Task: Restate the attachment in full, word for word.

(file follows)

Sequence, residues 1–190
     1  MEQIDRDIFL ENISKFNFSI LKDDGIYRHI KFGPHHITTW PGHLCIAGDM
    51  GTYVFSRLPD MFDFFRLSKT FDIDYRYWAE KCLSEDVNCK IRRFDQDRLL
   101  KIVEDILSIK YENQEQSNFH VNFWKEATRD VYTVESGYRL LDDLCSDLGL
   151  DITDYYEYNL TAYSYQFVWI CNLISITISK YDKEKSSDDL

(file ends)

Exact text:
Sequence, residues 1–190
     1  MEQIDRDIFL ENISKFNFSI LKDDGIYRHI KFGPHHITTW PGHLCIAGDM
    51  GTYVFSRLPD MFDFFRLSKT FDIDYRYWAE KCLSEDVNCK IRRFDQDRLL
   101  KIVEDILSIK YENQEQSNFH VNFWKEATRD VYTVESGYRL LDDLCSDLGL
   151  DITDYYEYNL TAYSYQFVWI CNLISITISK YDKEKSSDDL